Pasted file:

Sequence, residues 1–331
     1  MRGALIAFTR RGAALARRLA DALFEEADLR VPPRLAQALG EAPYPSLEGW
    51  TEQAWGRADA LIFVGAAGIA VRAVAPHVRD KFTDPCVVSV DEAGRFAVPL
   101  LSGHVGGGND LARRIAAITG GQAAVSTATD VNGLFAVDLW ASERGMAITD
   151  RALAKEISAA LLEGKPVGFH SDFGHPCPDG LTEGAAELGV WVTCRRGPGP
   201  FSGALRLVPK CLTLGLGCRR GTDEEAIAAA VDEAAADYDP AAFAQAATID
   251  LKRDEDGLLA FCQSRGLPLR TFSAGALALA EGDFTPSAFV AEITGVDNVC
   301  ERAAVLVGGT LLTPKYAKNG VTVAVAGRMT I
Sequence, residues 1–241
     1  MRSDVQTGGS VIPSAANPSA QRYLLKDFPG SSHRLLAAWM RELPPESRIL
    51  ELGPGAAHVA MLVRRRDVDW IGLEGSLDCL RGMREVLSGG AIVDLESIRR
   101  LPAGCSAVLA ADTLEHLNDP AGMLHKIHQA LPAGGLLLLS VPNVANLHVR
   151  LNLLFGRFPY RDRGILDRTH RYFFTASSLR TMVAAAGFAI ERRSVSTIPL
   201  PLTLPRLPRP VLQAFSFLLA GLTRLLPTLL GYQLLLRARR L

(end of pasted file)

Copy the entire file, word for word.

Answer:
Sequence, residues 1–331
     1  MRGALIAFTR RGAALARRLA DALFEEADLR VPPRLAQALG EAPYPSLEGW
    51  TEQAWGRADA LIFVGAAGIA VRAVAPHVRD KFTDPCVVSV DEAGRFAVPL
   101  LSGHVGGGND LARRIAAITG GQAAVSTATD VNGLFAVDLW ASERGMAITD
   151  RALAKEISAA LLEGKPVGFH SDFGHPCPDG LTEGAAELGV WVTCRRGPGP
   201  FSGALRLVPK CLTLGLGCRR GTDEEAIAAA VDEAAADYDP AAFAQAATID
   251  LKRDEDGLLA FCQSRGLPLR TFSAGALALA EGDFTPSAFV AEITGVDNVC
   301  ERAAVLVGGT LLTPKYAKNG VTVAVAGRMT I
Sequence, residues 1–241
     1  MRSDVQTGGS VIPSAANPSA QRYLLKDFPG SSHRLLAAWM RELPPESRIL
    51  ELGPGAAHVA MLVRRRDVDW IGLEGSLDCL RGMREVLSGG AIVDLESIRR
   101  LPAGCSAVLA ADTLEHLNDP AGMLHKIHQA LPAGGLLLLS VPNVANLHVR
   151  LNLLFGRFPY RDRGILDRTH RYFFTASSLR TMVAAAGFAI ERRSVSTIPL
   201  PLTLPRLPRP VLQAFSFLLA GLTRLLPTLL GYQLLLRARR L